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Universities need to rethink their trajectory

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Universities need to rethink their trajectory

Karley Crady

Karley Crady

Karley Crady

By Matt Hutchison, Columnist

What is the point of higher education?

Is college synonymous with higher education or are they very different things?

Is college meant to prepare one for a career? To engage in critical and reflective thought? To promote social mobility?

As the academic environment has succumbed to market pressures, it appears that the answer to such questions is, “We will provide whatever the paying consumer wishes to procure.”

But is higher education an apt term for such a place? I don’t think so; such a place is really a very expensive shopping mall where professors are seen as highly informed sales representatives of their respective fields and administrators are both the management and customer service teams.

There are many examples of this mentality. As the semester comes to an end, you have probably been asked to fill out a survey evaluating of your professor, and the questions read very much like a customer satisfaction survey.

I wouldn’t be surprised if, eventually, the last two questions on the survey are, “Do you feel like you got your money’s worth? If not, what could the professor have done to make you feel like you got your money’s worth?”

There are only two questions that such a survey should ask: Was the professor fair? Why do you think so?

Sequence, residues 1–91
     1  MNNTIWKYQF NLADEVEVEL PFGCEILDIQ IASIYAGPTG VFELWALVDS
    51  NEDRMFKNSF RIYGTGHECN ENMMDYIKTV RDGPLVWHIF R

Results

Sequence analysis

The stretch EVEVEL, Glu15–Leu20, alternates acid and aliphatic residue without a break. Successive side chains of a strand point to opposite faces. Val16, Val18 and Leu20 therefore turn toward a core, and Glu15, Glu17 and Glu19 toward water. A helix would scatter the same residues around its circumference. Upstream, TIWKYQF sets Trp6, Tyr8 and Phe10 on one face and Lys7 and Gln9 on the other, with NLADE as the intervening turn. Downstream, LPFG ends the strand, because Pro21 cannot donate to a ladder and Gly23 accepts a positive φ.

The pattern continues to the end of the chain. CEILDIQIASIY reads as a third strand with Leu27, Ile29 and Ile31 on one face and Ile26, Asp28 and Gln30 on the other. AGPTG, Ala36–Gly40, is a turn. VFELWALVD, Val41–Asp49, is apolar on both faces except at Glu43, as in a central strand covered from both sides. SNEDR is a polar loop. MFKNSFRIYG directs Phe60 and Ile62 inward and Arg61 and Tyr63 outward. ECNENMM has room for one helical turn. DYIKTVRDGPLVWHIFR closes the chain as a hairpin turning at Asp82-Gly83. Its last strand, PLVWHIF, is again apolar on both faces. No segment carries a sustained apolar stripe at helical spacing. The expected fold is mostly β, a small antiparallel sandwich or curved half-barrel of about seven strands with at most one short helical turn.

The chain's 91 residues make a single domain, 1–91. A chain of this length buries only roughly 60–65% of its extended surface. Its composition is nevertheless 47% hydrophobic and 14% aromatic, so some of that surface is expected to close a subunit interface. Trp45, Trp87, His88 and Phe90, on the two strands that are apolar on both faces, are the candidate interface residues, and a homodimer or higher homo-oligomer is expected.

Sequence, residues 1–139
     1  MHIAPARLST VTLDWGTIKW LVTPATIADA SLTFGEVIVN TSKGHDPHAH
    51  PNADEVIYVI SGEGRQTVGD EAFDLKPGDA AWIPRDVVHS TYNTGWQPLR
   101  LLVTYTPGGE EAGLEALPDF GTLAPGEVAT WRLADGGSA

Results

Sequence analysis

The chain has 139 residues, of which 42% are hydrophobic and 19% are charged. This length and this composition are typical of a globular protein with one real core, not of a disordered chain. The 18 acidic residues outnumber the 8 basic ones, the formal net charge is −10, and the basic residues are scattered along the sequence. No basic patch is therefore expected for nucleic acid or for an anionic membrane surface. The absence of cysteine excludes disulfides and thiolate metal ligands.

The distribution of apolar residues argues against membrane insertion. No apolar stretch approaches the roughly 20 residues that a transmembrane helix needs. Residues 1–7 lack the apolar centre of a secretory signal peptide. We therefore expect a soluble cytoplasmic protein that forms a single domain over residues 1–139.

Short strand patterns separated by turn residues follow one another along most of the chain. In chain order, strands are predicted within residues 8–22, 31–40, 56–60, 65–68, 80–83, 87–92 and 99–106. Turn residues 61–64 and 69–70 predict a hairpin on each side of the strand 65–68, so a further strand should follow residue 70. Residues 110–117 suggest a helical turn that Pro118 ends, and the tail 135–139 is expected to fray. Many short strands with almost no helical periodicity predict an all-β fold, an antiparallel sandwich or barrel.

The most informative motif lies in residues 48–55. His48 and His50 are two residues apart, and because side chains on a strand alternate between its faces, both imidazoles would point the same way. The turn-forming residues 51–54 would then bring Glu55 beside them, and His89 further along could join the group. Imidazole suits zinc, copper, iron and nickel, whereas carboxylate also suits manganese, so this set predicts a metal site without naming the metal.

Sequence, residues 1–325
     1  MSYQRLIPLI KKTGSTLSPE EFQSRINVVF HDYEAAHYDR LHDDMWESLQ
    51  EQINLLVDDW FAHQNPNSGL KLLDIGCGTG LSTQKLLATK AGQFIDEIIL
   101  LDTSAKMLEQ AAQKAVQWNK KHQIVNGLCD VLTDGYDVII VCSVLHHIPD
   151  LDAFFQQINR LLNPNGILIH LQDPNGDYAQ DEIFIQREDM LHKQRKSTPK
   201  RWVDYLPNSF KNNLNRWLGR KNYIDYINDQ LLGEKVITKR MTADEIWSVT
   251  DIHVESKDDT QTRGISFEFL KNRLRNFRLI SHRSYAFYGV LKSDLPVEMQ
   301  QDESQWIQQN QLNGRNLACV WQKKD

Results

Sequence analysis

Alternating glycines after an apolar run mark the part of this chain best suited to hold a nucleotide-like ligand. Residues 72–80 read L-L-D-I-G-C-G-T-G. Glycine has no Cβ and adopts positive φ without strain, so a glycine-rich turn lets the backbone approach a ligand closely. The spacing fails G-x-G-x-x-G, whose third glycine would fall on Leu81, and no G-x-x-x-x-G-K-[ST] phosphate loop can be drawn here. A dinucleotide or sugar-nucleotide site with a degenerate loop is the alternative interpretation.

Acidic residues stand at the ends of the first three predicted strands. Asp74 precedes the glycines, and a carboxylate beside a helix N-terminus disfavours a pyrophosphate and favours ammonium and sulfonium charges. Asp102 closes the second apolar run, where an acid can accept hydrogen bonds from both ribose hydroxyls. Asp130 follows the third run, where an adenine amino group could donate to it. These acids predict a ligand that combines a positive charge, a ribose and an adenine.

Asking other questions about the course is highly inappropriate, like asking students if the course was appropriately challenging or if the professor seems eager to teach; this is like asking if your customer service needs were met and if your service representative gave you what you wanted.

Such questions empower students in the wrong way and ingrain the belief that an education is like any other commodity; however, — this approach does not foster the original intention of higher education: to create independent and critical thinkers.

Many professors, both in the U.S. and internationally, regularly comment that their students increasingly make demands of them but take no responsibility for their own learning. They are also quick to blame professors when students perform poorly and expect professors to respond to emails immediately, even over the weekend.

Of course, some professors are in the habit of doing so, but this is always the exception, never the rule. Obviously, any questions you send a professor should be ones which cannot be answered on your own. But perhaps this isn’t so obvious? Before coming to campus I thought it was obvious that one walks on the right side of the sidewalk when in the U.S., but many don’t seem to have grasped this concept. When it becomes a university’s responsibility to teach basic manners, then we will really know that the idea of “higher education” has become an oxymoron.

Don’t get me wrong, I think that excellent research, teaching, and critical learning occurs within the college environment, especially ours.

However, it appears that this idea of higher education has taken a backseat to expanding enrollments, increasing graduation rates, ensuring happy students/customers, and placing graduates into lucrative careers: these are the logical results of colleges shifting to a vocational outlook. And vocational training is great! And necessary!

I don’t think there is anything wrong with wanting to live your life ethically pursuing profit. We do need to be more honest and distinguish between “higher vocational training” and “higher education” and the different role each plays in a flourishing society.  

Matt is a junior in Media.

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